The Blow Over Strategy

I’m lazy, so I’m always hunting for simple causes to complicated problems.

There’s a voice in my head saying, “It took a long time for things to get this screwed up and it will take time, thoughtfulness, effort and will to improve them.”  Of course. Thanks for that. But I’m still going to look for patterns, for leverage. I’m going to ask what in our environment is letting so many “unbelievable!” things happen?

Surely the effectiveness of the “Blow Over Strategy” plays a big role in many current disasters.

If you aren’t familiar, the term means that when you get caught doing something wrong instead of actually addressing it or being brought to account you simply wait for attention to die down.

Facebook is the most obvious master. Scandal. Mumbled half-apology. Non-existent or insufficient action. Then hunker down and wait for the all clear.

The Blow Over Strategy (BOS) exploits these weaknesses in our system

  1. Inadequate attention span.

We consume too much too fast. We don’t have time to actually consider it, so everything is processed at a superficial level (I dislike that!) and can be easily replaced in our attention by the next thing we dislike.

Just five years ago Crisis PR planning emphasized taking accountability, transparent communication, sincere apology and effective repair (when possible). Recently I see open debates about whether it’s good strategy to address PR problems or if it’s better for the company (shareholders) to use the good old BOS.

  1. Media Mechanics.

Say you are a company that screwed up. You know traditionally the “right thing to do” is apologize and take accountability. But you don’t think about that because that doesn’t seem relevant anymore unless your brand includes some kind of quaint “doing the right thing” fetish. And even if it does, you don’t know how many of your customers nor what percent of the public knows about your booboo. What you do know is that if you acknowledge it THAT will get at least as much attention and probably more.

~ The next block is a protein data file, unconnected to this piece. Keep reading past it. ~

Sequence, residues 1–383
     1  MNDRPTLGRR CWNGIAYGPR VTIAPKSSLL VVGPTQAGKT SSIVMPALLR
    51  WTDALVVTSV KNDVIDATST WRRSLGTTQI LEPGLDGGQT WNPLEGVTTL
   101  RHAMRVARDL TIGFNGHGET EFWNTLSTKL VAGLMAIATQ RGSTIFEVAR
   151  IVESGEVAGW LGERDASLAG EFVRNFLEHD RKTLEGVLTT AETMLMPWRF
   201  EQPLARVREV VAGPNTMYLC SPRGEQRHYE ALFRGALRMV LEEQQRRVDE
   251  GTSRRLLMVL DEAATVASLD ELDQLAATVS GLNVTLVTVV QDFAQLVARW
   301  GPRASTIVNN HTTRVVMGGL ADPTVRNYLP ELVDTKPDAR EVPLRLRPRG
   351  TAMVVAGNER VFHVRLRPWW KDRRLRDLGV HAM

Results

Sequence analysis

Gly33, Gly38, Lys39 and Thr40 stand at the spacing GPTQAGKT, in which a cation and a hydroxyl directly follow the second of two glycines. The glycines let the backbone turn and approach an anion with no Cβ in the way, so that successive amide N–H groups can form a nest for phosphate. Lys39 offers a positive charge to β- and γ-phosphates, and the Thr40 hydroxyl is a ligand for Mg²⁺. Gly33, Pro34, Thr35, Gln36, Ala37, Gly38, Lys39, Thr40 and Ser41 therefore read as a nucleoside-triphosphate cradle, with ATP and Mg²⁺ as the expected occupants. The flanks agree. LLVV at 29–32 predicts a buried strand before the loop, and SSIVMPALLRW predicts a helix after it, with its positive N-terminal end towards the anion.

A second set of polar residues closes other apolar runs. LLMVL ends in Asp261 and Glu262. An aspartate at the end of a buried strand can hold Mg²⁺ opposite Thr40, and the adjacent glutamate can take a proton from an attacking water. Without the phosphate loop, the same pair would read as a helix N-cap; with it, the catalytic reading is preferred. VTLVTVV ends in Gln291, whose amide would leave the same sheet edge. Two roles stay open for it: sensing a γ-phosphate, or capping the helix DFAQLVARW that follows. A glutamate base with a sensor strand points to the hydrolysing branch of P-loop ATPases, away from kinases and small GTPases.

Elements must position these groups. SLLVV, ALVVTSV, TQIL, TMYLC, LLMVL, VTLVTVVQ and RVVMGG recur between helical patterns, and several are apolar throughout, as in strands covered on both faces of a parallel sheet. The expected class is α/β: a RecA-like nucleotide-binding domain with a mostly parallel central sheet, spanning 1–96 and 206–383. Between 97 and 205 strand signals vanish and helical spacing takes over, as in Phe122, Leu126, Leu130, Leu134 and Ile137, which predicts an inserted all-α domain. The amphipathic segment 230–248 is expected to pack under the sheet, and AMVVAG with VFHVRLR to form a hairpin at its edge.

Why? Bad news is more popular and travels faster, based entirely on what we click on.  Also your enemies (whichever side of the culture war you are perceived as not being on)  and possibly your competitors might boost the bad news along. Because you are admitting to something, your apology will be a bright spot of “not fake news” since you have no exterior motive. All this adds up to the likelihood that far more people will know you messed up because you apologized than if you hadn’t. Suddenly it feels like you are damned if you do and damned if you don’t. Since you can never take an apology back you decide to start with the BOS.

  1. Legal remedies are often too slow.

Even when individuals and organizations really screw up and will have to face legal repercussions they can be sure that (as long as it’s civil) the process will be so long and drawn out that the business situation will have moved on and the fines are usually (and this I don’t understand) small compared to the harm done.

  1. Other remedies are unclear – perhaps because our values are unclear.

You can imagine a world where because all citizens have access to real time information and the ability to connect to each other there exists a highly effective court of public opinion that quickly and effectively punished malfeasance.

We don’t live in that world. We live in the one where we know companies are doing bad things. Using child labor. Stealing our private information. Pricing medicine out of reach to maximize profits. Polluting the environment. Starving their employees.  For the most part we hold our noses and hang on to their stock and buy their products. After all their stock is doing really well… And their products are really cheap. And what good does it do if “I” stop supporting them? We could demand better behavior from corporations. We haven’t. We let them “self-police” and greenwash and other versions of the glorious long-form blow over strategy. For a decade or so they were shocked at our what they could get away with or blame on ridiculous unrelated groups. Now they count on it.

In my next post I will attempt to discuss ways to circumvent the Blow Over Strategy.


Photo credit:

Emanuela Franchini,’s “Dry Mouth”

Used without alteration under the Creative Commons license.






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